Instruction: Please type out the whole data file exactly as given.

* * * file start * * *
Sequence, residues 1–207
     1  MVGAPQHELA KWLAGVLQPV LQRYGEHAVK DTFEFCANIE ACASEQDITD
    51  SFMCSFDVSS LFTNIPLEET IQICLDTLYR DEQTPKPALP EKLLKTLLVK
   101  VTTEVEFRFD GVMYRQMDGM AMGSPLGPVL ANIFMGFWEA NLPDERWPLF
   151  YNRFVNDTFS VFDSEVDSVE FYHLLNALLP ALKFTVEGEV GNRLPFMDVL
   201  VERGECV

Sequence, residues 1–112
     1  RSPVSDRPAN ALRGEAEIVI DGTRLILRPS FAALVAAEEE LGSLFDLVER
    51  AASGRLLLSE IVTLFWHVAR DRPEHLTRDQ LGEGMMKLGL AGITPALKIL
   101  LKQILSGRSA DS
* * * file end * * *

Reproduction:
Sequence, residues 1–207
     1  MVGAPQHELA KWLAGVLQPV LQRYGEHAVK DTFEFCANIE ACASEQDITD
    51  SFMCSFDVSS LFTNIPLEET IQICLDTLYR DEQTPKPALP EKLLKTLLVK
   101  VTTEVEFRFD GVMYRQMDGM AMGSPLGPVL ANIFMGFWEA NLPDERWPLF
   151  YNRFVNDTFS VFDSEVDSVE FYHLLNALLP ALKFTVEGEV GNRLPFMDVL
   201  VERGECV

Sequence, residues 1–112
     1  RSPVSDRPAN ALRGEAEIVI DGTRLILRPS FAALVAAEEE LGSLFDLVER
    51  AASGRLLLSE IVTLFWHVAR DRPEHLTRDQ LGEGMMKLGL AGITPALKIL
   101  LKQILSGRSA DS